C.W. Hintmann said that he passed Denton who said he wanted him directly to help put up a cap which he was sawing. He went around the turn and sat down to wait when Hicks and his partner came along and in a second or so the explosion occurred. It took Hintmann's cap off his head and the lights were all out. There was no powder on the timber or timber truck when he talked with Denton. He believed that whoever took the powder out of the magazine had it on his shoulder.

All of the witnesses testified that they believed the explosion was wholly accidental."--

A foreman of the mine, Alex Ross, claimed "that he heard an unusual report while at the 2,700 foot station; that he got off the skip at the 3,100 level when he was met by J.E. Hicks who said Denton and two others had been killed; witness went to the spot and found the smoke very dense, and had a platform knocked out of a near by raise, for the purpose of ventilation; tried to break the airpipe but failed; heard Denton say twice, "What struck us?" felt around and found him and helped carry him to the station; witness was of the opinion that the timber found at the entrance to the drift leading to the powder magazine was cut in two by the explosion of the powder; he also showed the jury by a diagram the position of the four men when found; gave orders to clear up the cross cut; also explained that it was Schance's turn to blast at 3:30 o'clock and in order to save time he  (Schance) went to the magazine to take the powder back to where he was at work in the level, and that he (Schance) was drilling 900 or 1000 feet from the  magazine; witness detailed the position of the powder as it as usually stored and the fuse bench where the fuse and caps were kept and primers made; that there were five and a half boxes in the magazine during the forenoon and after the explosion four full boxes were in there with a few sticks over; the missing box weighed 50 pounds; that the temperature was 67 or 70 degrees, and in his opinion the 12 x 12 timber was cut in two by the exploding powder; that the powder in the magazine was fully 20 to 30 feet from where the timber lay on a truck in the level; he believed the explosion to be a pure accident."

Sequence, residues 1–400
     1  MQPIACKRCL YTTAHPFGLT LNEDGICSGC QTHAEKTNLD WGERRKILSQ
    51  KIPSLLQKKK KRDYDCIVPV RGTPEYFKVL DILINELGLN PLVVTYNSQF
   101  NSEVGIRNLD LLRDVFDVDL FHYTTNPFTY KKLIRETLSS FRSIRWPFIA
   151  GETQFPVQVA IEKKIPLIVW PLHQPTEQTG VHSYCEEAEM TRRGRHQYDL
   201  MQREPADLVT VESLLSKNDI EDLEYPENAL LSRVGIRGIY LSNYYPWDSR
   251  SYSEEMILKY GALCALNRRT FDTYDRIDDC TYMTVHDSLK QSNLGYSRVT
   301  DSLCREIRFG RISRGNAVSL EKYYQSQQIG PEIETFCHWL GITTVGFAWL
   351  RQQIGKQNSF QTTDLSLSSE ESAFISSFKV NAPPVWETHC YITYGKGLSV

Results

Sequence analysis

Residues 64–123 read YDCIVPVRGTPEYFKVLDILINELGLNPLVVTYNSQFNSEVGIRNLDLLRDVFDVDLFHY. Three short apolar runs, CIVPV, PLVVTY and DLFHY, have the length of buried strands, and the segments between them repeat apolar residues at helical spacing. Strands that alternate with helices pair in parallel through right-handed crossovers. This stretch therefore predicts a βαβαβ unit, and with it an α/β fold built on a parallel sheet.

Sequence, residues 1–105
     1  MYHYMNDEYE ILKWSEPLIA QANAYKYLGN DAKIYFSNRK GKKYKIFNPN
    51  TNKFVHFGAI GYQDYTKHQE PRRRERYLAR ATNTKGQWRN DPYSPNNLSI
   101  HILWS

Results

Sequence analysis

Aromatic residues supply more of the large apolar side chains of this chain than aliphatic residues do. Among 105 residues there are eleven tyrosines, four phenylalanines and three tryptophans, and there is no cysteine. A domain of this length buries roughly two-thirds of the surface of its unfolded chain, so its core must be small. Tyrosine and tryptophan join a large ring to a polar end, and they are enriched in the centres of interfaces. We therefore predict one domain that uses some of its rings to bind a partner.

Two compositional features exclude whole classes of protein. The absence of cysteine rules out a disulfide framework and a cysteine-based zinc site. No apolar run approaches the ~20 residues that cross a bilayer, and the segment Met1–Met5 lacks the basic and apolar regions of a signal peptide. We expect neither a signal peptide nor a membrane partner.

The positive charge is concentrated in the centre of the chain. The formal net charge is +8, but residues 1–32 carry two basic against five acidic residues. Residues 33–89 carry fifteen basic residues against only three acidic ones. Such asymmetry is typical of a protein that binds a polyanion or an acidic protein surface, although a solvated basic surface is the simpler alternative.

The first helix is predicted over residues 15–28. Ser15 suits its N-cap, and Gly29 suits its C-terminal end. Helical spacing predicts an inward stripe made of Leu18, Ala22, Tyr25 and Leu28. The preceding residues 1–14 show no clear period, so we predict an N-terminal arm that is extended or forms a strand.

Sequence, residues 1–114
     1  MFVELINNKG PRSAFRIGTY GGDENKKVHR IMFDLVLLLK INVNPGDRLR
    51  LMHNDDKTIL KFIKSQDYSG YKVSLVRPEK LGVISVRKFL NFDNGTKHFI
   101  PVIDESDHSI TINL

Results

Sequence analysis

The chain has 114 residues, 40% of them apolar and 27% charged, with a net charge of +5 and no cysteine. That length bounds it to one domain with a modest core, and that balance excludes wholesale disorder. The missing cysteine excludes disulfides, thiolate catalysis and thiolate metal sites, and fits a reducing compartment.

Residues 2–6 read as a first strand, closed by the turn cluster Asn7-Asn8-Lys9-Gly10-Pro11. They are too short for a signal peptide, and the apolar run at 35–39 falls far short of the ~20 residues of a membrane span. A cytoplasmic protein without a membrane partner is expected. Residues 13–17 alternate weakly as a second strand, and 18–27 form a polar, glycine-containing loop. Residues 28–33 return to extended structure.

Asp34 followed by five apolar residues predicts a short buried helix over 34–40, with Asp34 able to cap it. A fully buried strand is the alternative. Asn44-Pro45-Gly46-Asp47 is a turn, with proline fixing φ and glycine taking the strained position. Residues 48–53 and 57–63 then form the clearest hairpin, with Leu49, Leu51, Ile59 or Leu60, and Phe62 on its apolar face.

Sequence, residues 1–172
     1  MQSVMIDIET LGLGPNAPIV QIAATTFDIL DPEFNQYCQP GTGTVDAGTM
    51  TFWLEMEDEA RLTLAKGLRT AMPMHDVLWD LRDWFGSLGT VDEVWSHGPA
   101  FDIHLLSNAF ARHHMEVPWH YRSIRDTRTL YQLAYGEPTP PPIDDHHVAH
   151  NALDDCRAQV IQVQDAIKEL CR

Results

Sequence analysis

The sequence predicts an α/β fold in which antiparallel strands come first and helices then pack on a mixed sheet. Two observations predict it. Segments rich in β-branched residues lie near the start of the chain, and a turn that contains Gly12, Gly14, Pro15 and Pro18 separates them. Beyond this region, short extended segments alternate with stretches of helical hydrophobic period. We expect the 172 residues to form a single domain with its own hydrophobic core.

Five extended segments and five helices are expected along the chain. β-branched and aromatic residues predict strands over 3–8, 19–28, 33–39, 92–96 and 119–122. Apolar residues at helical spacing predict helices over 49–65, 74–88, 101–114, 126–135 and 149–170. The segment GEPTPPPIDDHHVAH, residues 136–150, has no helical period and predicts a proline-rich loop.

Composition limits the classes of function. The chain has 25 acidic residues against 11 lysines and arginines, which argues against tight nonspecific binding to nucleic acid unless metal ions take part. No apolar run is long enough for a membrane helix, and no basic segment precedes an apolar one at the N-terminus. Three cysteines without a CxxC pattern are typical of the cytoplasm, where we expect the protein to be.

Maksim Rupar's Grave

As the story went on, it explained that the powder would not have exploded by Rupar dropping it, or by the temperature of the mine, so it appeared that a charge went off while priming the clip, and that it accidentally set off the powder.

Sadly, Janko Acimovich was hit so hard, it removed his head and upper part of his shoulders. "The head was entirely gone. From shoulder to shoulder the flesh was ragged and torn and the right leg almost flattened between the body and knee. More properly speaking, the limbs were crushed and flattened instead of broken."

Acimovich was only 22 years old at the time of his death. He was a native of Austria, and was earning $2.50 per day at the mine.

Denton was alive when he was found, though his injuries were so bad, the newspapers claimed that if he survived his injuries he would be blind for life. He was the only one who survived the terrible accident, as the Amador Ledger Dispatch dated February 27, 1914, claims that he was going to San Francisco to see a specialist for the treatment of his eyes.

In 1914, a lawsuit was brought on by Chris Begovich on behalf of Rupar and Acimovich as the "administrator" of their estates against the Kennedy Mine and Milling Company, and judgement was rendered by Judge Wood, allowing for the compensation of $250 for funeral expenses and $500 for damages.
Janko Acimovich's grave

George W. Schance was found with his right arm "torn off" and his right leg crushed. His face was "practically  gone and the left side, torn away."  George's family were originally from El Dorado County, and he was only 23 year years old when he died. He had been earning $3 a day in wages.

Maksim Rupar has lost his left eye, and his right leg was broken. He was only 26 years old and had only just started working at the mine 3 days earlier.  He was also a native of Austria.